The feedback “filling in the sheets is difficult” [3] mainly emphasises the need for Co-RISK in that the actuality of planning co-opetitive projects to translate risk-related science is difficult. However, at least partly, it reflects the limited duration (3 h) allowed for the ambitious aim of full-spectrum project planning (i.e. conception to detailed planning), with facilitators' reflections mirroring those of participants.

Stronger facilitation would be useful, but it would take more time  … e.g. guide the participants through the map, checking that they've got all the elements (e.g. of positionality) on their maps, using all the prompts. [facilitator 1]

Participants need to be strongly encouraged to clearly define the scope of their project. [facilitator 2]

Posing specific questions (e.g. Who pays? Who implements?) to groups is useful to guide their thinking. [facilitator 2]

In the β-test trial, with thoughts and discussion clearly flowing well (e.g. for map 1), it was decided to minimise facilitator interruptions, although having time for both facilitation and discussion would have been preferable. Facilitators also noted that swapping tables, such that a second group of participants could review a plan, would likely produce more robust project plans. Indeed, reviewing the project drafts confirms that they could benefit from more work, perhaps explaining why the value of drafted projects themselves was rated lower than other elements of Co-RISK (i.e. useful). This may also be why none of the projects have been taken forward (i.e. kicked-off workstreams), to the authors' knowledge, in the 18 months following the β-test workshop. Co-RISK's ambition to jointly draft actionable collaborative projects from scratch within a single workshop is therefore apparently too ambitious.

To produce genuinely actionable project plans, the future challenge is to rapidly capture the attention of more senior staff who might champion the uptake of a project, whilst other staff spend more time on the detail. Perhaps the solution is two-fold. First, use the 3 h Co-RISK workshop as an exercise in scoping a theme, network building, familiarity raising with regard to a sector, and considering possible rules of engagement. Then, to actually produce actionable projects, run Co-RISK as a working group with a series of meetings, kicked off by a compressed high-impact scoping exercise for more senior staff (i.e. 10 hot topics and map 3 only to plot projects on a graph of desirable vs. tractable).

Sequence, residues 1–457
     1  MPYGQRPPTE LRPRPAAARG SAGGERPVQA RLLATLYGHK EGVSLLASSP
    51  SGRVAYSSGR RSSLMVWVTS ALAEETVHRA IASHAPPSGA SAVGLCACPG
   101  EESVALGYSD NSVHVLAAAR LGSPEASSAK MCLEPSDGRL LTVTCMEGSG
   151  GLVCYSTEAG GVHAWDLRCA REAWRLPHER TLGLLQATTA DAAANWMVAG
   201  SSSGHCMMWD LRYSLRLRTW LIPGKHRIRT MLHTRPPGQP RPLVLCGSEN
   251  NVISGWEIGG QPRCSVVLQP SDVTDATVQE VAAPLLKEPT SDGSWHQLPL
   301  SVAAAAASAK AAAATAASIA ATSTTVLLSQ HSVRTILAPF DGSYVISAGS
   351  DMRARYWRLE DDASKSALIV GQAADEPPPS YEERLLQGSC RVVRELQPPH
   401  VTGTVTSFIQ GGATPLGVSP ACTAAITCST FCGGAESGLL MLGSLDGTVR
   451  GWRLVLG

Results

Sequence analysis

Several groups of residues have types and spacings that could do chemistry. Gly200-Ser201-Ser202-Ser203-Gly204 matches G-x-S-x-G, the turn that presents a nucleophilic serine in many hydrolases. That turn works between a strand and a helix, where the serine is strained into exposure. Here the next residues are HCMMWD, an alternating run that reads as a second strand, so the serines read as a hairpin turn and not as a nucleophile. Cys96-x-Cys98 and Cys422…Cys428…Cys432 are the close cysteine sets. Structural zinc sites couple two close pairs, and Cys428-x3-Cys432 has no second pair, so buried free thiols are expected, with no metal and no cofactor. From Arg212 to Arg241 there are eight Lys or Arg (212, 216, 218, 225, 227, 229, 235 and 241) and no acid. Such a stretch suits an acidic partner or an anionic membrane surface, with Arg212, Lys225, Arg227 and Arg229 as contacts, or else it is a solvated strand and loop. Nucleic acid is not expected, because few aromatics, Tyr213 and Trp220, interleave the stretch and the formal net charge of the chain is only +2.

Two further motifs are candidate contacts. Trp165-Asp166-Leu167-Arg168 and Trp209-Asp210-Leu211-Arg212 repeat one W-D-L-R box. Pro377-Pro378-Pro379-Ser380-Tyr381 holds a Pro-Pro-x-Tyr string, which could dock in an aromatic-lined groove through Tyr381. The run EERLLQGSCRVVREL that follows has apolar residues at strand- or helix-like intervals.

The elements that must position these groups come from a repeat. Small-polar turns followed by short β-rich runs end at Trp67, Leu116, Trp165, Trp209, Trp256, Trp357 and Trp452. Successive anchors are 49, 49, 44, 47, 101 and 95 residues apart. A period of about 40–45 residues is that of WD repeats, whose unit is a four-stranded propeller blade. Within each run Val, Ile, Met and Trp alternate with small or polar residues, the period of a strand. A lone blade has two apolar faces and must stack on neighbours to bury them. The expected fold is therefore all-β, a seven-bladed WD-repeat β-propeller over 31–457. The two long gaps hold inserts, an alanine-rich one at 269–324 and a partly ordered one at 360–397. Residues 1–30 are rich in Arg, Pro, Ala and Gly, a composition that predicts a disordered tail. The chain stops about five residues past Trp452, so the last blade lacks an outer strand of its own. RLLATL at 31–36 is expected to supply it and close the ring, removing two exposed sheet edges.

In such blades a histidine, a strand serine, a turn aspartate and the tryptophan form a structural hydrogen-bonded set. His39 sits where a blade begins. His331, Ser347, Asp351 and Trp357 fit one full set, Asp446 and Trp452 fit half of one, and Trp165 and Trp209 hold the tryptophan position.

6.2 Positionality, paradoxes, and Co-RISK's contribution

Co-RISK's primary contribution is in encouraging practice, not in developing new theoretical insight. It synthesises insights from a number of domains of knowledge for the purpose of the translation of risk-related science so that each future project team does not need to do this anew. Knowledge exchange projects have a cognitive dimension: do participants understand one another? They also have a power dimension; for instance, how does one deal with opportunistic behaviour, collective action dilemmas, and information asymmetry? While the cognitive dimension is well recognised in the stakeholder engagement literature (Phillipson et al., 2012; Bamzai-Dodson et al., 2021), the power dimension is less so (although, see Kujala et al., 2022). Co-RISK is specially designed to deal with this power dimension by ameliorating the organisational paradoxes that commonly occur in interactions between academia and finance. This subsection elaborates upon how it does this for several particulars identified above and ends by summarising Co-RISK's contribution to geoscience communication.

6.2.1 Identification of potentially viable co-opetitive projects and building awareness of positionality

Co-RISK's ambition is to jointly draft or co-design actionable collaborative projects between firms and research institutes (e.g. universities) that may have different priorities, namely co-opetitive projects. To do this, Co-RISK is designed to attempt to tackle many tasks simultaneously (e.g. acting as a facilitated focus to get a spectrum of organisations in tension in a room, upskilling potential participants with regard to the sector and scoping potential project topics of interest). In line with the paradox theory literature, accepting and not rejecting that tensions exist in these projects is a first step towards developing new and creative strategies to handle them (Stadtler and Van Wassenhove, 2016; Lewis, 2000; Clegg et al., 2002). Thus, identifying potentially viable co-opetitive projects requires participants to build their awareness of the positionality of all key organisations that will necessarily be involved.